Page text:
Jackfruit Spring Rolls with Sweet-and-Sour Dipping Sauce

  • Prep-time: / Ready In:
  • Makes 12 spring rolls + ½ cup sauce
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Canned jackfruit's neutral flavor and meat-like texture perfectly absorbs tantalizing sweet and sour flavors in these fresh spring rolls, which make a fun-to-eat appetizer or starter to a hearty stir-fry meal. The sweet and sour sauce, featuring lime juice, fresh ginger, and coconut aminos, does double duty, adding flavor to the jackfruit filling and then as a dipper. Tender steamed bok choy leaves complement the meaty jackfruit texture, quick-pickled radish gives a subtle tang, and fresh mint and cilantro leaves add fresh herbal notes. If you've never made fresh spring rolls with rice paper, you'll be amazed at how easy they are once you get the hang of them! 

To make ahead: Prepare sauce as directed and store in an airtight container in the refrigerator for up to 5 days. Prepare spring rolls as directed and store, loosely covered with damp paper towels, in an airtight container in the refrigerator for up to 8 hours.

For more inspiration, check out these tasty ideas:

By Laura Marzen, RD, LD,

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Ingredients

  • 2 pitted Medjool dates
  • ⅔ cup boiling water
  • 2 14-oz. cans no-salt-added young jackfruit, rinsed, drained, and chopped
  • 1 tablespoon coconut aminos
  • 1 tablespoon fresh lime juice
  • 1 clove garlic, minced
  • ½ teaspoon grated fresh ginger
  • 2 teaspoons sesame seeds, toasted
  • ¼ to ½ teaspoon crushed red pepper
  • ½ cup brown rice vinegar
  • ¼ teaspoon fine sea salt
  • 6 radishes, coarsely shredded
  • 4 cups thinly sliced baby bok choy or napa cabbage
  • 1 medium shallot, thinly sliced
  • 12 round brown rice papers
  • 36 fresh mint leaves
  • 36 fresh cilantro leaves

Instructions

  • For dipping sauce, in a small bowl combine dates and the boiling water. Cover; let stand 10 minutes. In a blender combine dates and the soaking liquid, ¼ cup of the jackfruit, the coconut aminos, lime juice, garlic, and ginger. Cover; blend until smooth, scraping down sides as needed. Transfer to a bowl. Stir in sesame seeds and crushed red pepper. Cover; chill until ready to serve.
  • In another small bowl mix together vinegar and salt. Stir in radishes; let stand at least 30 minutes. Drain, squeezing out excess liquid.
  • In a large skillet cook bok choy and shallot over medium 5 to 7 minutes or until softened, stirring frequently and adding water, 1 to 2 tablespoons at a time, as needed to prevent sticking. Transfer to a medium bowl. Let stand 10 minutes to cool.
  • Stir ¼ cup of the dipping sauce into the remaining jackfruit. Reserve remaining sauce for serving.
  • Pour warm water into a pie plate. Carefully dip a rice paper into the water; let stand several seconds to slightly soften. Transfer to a clean work surface.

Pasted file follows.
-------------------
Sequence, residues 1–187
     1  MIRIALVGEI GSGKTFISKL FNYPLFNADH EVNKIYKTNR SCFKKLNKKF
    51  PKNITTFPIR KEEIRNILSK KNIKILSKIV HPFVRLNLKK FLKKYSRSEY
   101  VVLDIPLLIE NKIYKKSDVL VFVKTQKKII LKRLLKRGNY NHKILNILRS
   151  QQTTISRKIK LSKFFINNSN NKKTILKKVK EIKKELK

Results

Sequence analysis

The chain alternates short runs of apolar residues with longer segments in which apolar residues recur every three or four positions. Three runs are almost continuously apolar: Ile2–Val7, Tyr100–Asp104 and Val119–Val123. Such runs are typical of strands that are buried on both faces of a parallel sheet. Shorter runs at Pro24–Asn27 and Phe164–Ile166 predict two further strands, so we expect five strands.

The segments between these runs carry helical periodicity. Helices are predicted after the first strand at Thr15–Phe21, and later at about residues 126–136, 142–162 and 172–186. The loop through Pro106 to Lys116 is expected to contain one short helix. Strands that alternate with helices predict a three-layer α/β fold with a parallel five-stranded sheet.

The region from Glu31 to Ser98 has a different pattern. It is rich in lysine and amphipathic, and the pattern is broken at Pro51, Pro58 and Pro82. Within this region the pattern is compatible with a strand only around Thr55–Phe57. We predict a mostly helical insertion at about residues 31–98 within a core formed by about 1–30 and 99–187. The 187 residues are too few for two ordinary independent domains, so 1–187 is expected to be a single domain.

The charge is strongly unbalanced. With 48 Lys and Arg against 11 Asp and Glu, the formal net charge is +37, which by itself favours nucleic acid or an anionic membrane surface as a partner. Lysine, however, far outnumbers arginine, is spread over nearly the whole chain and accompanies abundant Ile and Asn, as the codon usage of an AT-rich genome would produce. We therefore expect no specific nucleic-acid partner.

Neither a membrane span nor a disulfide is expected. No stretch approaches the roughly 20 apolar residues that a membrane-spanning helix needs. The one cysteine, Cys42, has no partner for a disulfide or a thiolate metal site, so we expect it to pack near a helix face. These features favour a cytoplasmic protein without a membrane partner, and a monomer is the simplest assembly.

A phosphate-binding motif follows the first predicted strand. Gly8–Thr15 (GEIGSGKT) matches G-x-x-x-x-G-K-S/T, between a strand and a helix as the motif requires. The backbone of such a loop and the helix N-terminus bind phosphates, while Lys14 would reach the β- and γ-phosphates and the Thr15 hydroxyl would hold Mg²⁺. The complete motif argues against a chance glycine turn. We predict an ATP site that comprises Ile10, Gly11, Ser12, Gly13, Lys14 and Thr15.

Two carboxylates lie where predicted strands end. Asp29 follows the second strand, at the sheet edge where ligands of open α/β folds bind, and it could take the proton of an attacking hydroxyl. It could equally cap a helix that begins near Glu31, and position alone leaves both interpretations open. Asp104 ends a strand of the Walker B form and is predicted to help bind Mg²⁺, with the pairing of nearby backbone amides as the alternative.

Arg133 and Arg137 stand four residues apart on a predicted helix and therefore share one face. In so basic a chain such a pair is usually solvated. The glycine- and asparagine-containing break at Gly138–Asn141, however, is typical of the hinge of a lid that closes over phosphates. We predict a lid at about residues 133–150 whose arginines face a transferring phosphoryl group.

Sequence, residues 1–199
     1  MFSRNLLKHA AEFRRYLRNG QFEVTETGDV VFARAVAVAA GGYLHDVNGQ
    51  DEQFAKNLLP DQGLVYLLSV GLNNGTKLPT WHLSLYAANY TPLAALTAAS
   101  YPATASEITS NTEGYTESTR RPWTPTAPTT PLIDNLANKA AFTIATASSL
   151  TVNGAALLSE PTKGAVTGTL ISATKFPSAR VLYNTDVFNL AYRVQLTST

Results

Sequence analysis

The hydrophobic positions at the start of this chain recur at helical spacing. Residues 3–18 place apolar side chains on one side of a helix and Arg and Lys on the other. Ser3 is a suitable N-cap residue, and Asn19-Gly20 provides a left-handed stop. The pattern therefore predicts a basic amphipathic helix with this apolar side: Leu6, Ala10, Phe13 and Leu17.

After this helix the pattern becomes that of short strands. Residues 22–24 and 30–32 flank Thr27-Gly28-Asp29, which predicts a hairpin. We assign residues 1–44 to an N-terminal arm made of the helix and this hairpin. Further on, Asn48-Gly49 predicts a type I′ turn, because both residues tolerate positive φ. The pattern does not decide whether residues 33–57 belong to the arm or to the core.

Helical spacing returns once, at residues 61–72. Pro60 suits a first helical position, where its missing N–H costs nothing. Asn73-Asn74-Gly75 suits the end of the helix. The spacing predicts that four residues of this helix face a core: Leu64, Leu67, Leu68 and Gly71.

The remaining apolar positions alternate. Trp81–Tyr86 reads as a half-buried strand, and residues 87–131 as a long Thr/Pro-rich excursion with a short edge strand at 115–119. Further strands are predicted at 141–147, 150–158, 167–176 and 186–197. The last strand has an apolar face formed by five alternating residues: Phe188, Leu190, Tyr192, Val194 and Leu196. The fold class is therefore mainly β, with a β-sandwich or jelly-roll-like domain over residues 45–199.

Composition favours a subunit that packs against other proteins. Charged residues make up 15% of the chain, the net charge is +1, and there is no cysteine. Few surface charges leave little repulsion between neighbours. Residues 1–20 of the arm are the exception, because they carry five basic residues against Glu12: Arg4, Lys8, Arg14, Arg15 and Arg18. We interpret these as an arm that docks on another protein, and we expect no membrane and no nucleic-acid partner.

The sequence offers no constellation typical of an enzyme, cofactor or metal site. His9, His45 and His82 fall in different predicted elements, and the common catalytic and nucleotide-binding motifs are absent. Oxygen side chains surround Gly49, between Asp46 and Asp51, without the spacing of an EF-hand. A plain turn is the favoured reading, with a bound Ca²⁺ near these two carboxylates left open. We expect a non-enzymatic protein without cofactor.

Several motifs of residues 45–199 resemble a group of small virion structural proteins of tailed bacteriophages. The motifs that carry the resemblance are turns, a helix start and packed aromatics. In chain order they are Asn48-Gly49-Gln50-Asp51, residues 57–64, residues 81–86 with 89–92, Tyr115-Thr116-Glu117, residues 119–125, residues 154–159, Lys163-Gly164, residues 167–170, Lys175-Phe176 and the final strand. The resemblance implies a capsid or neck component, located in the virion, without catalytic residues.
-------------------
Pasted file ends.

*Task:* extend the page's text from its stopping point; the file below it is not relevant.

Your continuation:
• Layer a row of 3 mint and 3 cilantro leaves in the center of the rice paper. Layer some of the drained radishes over leaves. Spoon 2 to 3 tablespoons of the bok choy mixture over radishes. Spoon 2 to 3 tablespoons of the jackfruit over bok choy mixture.
  • Fold the bottom edge of rice paper up and over filling. Fold in sides; roll up rice paper snugly. Repeat with the remaining rice papers and fillings. Serve spring rolls with reserved dipping sauce.

Comments (2)

(5 from 1 vote)

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JoAn

You don't bake or air fry these?

Lisa, Forks Over Knives Support

Hi JoAn. That's right—these rolls are served as they are. The filling is cooked but the roll itself doesn't need to be baked. They are similar to "fresh spring rolls" that you find in a Thai restaurant. This guide on rice paper wrappers might be a useful: https://www.forksoverknives.com/how-tos/how-use-rice-paper-wrappers-vegan-spring-roll-recipes/.

About the Author

Headshot of recipe developer and nutritionist Laura Marzen by Theresa Schumacher Photography

About the Author

Laura Marzen, RD, LD

Laura Marzen, RD, LD, is known for developing approachable recipes using her attention to detail and relying on two decades of experience creating and testing recipes. She created and tested recipes while working in the Better Homes & Gardens test kitchen for over seven years. Since then, she has gone on to develop more than 1,000 recipes for national magazines. In addition to her work developing recipes, Marzen uses her passion for healthy eating to coach women on improving their digestion and health in a way that's practical and sustainable. She has consulted for authors Rocco DiSpirito and Joy Bauer and has appeared on both local and national news and television programs on behalf of Better Homes & Gardens and Living the Country Life. With her work coaching women to improve their health, Marzen has extensive knowledge on the topics of digestion, metabolism, inflammation and IBS. Marzen earned a B.S. degree in dietetics from Iowa State University. She followed that with a dietetic internship and classes in public health at the University of Iowa through the University of Iowa Hospitals and Clinics. Learn more on her website. Photo by Theresa Schumacher Photography
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